That's the basic idea behind this method of performance tuning. Here's an example where that method was used, over several iterations, to remove over 97% of the time spent in a program. Not all programs are that far away from optimal. (Some are much farther.) Many programs just have to do a certain amount of "X"s or "y"s, and there's no way around it. Nevertheless, it is often very surprising how much room you can find for speedup in otherwise perfectly good code - provided - you forget about "bottlenecks" and look for steps that it's doing, over time, that could be removed or done better.

It's easy.

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I suspect you're spending most of your time communicating with MySQL and reading the files. How are you determining that there's very little IO? Communicating with MySQL is going to be over the network, which is very slow compared to direct memory access. Same with reading files.

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The way the OP presents his stats implies that the MySQL server is on the same box as PHP. –  Oliver Charlesworth Nov 9 '11 at 1:38
    
@OliCharlesworth - Doesn't matter. It may be optimized into a local Unix socket, but it's still basically networking. –  Brendan Long Nov 9 '11 at 1:38
    
Sure, but it's not subject to propagation delay through cables, routers and network adapters! –  Oliver Charlesworth Nov 9 '11 at 1:39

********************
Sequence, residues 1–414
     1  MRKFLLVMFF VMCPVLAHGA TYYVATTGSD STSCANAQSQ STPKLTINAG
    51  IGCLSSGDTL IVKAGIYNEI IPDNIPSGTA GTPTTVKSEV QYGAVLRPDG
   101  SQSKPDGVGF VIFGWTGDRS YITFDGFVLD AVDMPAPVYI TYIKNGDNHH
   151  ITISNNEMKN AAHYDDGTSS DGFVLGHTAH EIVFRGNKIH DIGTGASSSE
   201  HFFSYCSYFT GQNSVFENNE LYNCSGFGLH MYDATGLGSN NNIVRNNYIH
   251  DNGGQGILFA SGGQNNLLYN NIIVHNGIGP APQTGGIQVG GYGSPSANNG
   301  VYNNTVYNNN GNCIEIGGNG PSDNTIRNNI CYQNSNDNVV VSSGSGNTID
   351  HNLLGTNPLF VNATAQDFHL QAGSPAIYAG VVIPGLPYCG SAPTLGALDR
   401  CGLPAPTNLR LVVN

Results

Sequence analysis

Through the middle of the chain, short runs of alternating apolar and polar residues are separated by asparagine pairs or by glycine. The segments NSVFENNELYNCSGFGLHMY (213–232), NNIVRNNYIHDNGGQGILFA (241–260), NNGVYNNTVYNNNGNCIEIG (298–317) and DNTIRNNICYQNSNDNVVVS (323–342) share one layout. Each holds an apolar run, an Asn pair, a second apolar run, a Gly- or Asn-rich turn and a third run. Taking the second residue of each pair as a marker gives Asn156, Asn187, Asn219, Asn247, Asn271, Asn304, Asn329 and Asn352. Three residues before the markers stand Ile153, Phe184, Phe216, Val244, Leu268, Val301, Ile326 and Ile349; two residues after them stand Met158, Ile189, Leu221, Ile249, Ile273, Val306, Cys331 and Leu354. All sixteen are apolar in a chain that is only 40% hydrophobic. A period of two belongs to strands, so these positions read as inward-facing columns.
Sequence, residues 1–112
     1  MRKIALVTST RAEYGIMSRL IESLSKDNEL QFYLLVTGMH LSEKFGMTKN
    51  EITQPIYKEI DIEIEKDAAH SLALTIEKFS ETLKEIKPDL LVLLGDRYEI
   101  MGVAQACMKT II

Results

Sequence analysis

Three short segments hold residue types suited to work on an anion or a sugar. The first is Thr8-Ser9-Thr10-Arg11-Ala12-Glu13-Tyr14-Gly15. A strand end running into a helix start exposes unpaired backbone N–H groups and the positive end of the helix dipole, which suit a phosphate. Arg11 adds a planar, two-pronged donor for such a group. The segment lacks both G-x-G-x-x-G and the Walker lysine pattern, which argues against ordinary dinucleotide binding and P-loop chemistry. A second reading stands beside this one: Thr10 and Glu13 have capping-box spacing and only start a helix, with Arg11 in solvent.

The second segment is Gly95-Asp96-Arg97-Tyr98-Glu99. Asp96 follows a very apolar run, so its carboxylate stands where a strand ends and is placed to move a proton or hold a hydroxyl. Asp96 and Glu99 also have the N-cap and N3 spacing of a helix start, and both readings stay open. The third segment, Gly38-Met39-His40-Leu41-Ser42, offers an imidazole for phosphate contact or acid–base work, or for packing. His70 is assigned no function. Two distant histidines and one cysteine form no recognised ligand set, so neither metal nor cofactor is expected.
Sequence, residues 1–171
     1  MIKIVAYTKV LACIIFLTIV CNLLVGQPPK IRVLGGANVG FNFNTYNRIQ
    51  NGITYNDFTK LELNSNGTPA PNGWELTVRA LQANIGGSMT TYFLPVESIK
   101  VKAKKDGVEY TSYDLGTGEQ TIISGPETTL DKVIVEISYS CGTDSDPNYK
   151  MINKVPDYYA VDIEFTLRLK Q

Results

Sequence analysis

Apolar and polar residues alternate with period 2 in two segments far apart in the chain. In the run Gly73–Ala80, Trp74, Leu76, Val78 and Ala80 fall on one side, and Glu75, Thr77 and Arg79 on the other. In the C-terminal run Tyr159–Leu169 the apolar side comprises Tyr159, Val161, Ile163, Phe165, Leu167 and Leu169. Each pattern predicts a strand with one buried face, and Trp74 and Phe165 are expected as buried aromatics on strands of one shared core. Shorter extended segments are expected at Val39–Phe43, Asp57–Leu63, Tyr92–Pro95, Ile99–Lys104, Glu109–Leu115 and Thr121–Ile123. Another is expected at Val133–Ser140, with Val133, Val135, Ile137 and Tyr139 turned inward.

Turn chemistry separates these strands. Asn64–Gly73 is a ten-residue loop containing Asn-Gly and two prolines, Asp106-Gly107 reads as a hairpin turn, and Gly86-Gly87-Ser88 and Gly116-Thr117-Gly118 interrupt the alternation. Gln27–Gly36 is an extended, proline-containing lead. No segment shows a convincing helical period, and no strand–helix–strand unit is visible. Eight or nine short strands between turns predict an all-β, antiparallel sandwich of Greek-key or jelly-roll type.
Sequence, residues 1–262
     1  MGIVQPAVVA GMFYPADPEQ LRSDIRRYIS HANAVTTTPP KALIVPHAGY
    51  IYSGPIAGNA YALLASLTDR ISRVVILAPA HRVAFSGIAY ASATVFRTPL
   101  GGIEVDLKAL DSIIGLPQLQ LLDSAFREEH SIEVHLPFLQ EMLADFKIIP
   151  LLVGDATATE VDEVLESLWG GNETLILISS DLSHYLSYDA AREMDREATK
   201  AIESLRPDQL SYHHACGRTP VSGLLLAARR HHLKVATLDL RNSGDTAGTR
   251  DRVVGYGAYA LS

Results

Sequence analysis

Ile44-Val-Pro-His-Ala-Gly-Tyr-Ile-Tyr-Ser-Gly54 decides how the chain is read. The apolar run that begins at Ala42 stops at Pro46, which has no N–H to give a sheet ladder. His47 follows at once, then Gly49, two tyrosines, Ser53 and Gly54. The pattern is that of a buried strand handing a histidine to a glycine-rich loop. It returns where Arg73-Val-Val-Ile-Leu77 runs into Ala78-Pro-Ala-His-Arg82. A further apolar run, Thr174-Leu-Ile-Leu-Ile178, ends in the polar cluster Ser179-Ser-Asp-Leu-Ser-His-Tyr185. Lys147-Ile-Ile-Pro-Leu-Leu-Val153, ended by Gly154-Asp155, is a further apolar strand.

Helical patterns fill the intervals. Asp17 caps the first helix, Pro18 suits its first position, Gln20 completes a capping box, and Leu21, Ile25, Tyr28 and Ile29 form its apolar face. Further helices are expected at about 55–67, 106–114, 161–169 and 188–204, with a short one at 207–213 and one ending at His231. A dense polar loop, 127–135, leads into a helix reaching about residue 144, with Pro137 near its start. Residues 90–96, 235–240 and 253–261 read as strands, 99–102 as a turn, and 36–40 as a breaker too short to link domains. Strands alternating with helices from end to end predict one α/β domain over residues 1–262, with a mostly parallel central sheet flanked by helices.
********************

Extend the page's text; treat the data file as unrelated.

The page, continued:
@OliCharlesworth Yeah, it would be faster. My point is mainly that no matter how they're doing it, waiting for MySQL is going to be slow (comparatively). –  Brendan Long Nov 9 '11 at 1:41
    
@Breandan Long - MySQL is local. I don't read the files off disk, just info about them that has already been put into a MySQL table. How does one monitor MySQL communication times? –  T. Brian Jones Nov 9 '11 at 2:08

Looks like CPU is your bottleneck. Or to be more precise a single core is your bottle neck.

100% utilisation of a single core will result in a "25% CPU utilisation" if the other three cores are idle.

Your numbers are consistent with a php script running at 100% on a single core, with 5 to 10% utilization on the other three cores.

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I understand your point about the single PHP process only using a single core, but shouldn't that single PHP process be using ~100% CPU ( as reported for that process in top) , even if the overall reported CPU usage is not at 100%? –  T. Brian Jones Nov 9 '11 at 2:10
    
100% of 1 core = 25% cpu utilization in a 4 core machine. You should be able to get "top" to report utilization by core. –  James Anderson Nov 9 '11 at 5:08

Sorry to resurrect an old thread, but thought this might help someone out.

I had a similar problem and it had to do with a command line script that was throwing numerous 'Notice' warnings. That somehow led to it performing slowly and using less than 10% of the cpu. This behavior only showed up on migrating from MacOS X to Ubuntu, as the default in OSX seems to be to suppress the wornings. Once I fixed the offending code it performed much better, with processes using around 100% cpu consistently.